Clasps were authorized on the 25th anniversary of the German victory, to commemorate selected battles. The clasps were only allowed to be worn on combatant medals by front line soldiers. They are 6 mm high and 32–39 mm wide and were made of gilt bronze or brass. The claps on this ribbon are: PARIS, VILLIERS, SEDAN, BEAUMONT, GRAVELOTTE-ST. PRIVAT.
The medal for combatants was manufactured from captured bronze cannon barrels.
The obverse shows the crowned Royal cypher of William I over the inscription Dem siegreichen Heere (To the victorious army). Inscribed around the edge is Gott war mit uns, Ihm sei die Ehre (God was with us, to Him be the glory).
The reverse shows a cross with rays between the four arms. In the center of the cross is a laurel wreath surrounding the dates 1870 and 1871. On the edge of the coin is inscribed AUS EROBERTEM GESCHUETZ (From conquered cannon).
The medal for non-combatants is made of steel (this example is bronze). It follows a similar design with only minor deviations. The center inscription on the obverse is Für Pflichttreue im Kriege (For devotion to duty in the war). On the reverse the wreath on the cross is of oak leaves.
- Prussian Reserve Long Service 1st Class 20 Year Service: Instituted July 4, 1913. A straight-armed cross pate constructed of gilded bronze, the obverse center bears the Prussian royal crown, the reverse bears “XX” (for 20 years of service).
- Prussian Order Of The Red Eagle 4th Class: The Order of the Red Eagle was an order of chivalry of the Kingdom of Prussia. It was awarded to both military personnel and civilians, to recognize valor in combat, excellence in military leadership, long and faithful service to the kingdom, or other achievements. As with most German (and most other European) orders, the Order of the Red Eagle could only be awarded to commissioned officers or civilians of approximately equivalent status. However, there was a medal of the order, which could be awarded to non-commissioned officers and enlisted men, lower ranking civil servants and other civilians.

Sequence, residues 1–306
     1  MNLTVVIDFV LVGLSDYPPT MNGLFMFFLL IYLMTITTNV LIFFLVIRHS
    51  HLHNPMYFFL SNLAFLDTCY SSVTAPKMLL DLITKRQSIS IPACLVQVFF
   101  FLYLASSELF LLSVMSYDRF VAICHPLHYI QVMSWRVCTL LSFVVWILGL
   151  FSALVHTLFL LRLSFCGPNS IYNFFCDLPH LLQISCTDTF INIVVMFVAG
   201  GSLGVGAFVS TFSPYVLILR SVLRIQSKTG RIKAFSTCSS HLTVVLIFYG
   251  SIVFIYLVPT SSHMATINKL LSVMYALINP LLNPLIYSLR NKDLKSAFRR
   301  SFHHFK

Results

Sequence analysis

The badge of the order for the Grand Cross was a gold (gilt after 1916) Maltese cross enameled in white, with red enameled eagles between the arms of the cross; the gold central disc bore the Royal monogram, surrounded by a blue enameled ring bearing the motto of the Order, Sincere et Constanter.
The badge for the 1st to 3rd classes was a gold (gilt after 1916) cross pattée, enameled in white; that for the 4th class was similar but with smooth, plain silver arms. After 1879 the silver arms of the 4th class cross were pebbled in texture and appearance. The central disc bore the red eagle on a white enamel background on the obverse, with the royal cipher of King Friedrich Wilhelm surmounted by the Prussian crown on the reverse. The enlisted man's medal was of a relatively simple, round design, topped with the Prussian crown, with a depiction of the regular badge in the center of the medal on the obverse, with the royal cipher of the reigning monarch on the reverse.
All medals are in wonderful condition though there is the expected patination and wear/staining to the ribbons. There are no extensive moth nips or damage present and the tailor tag is still complete and present on the reverse.
A lovely example that come more than ready for further research and display.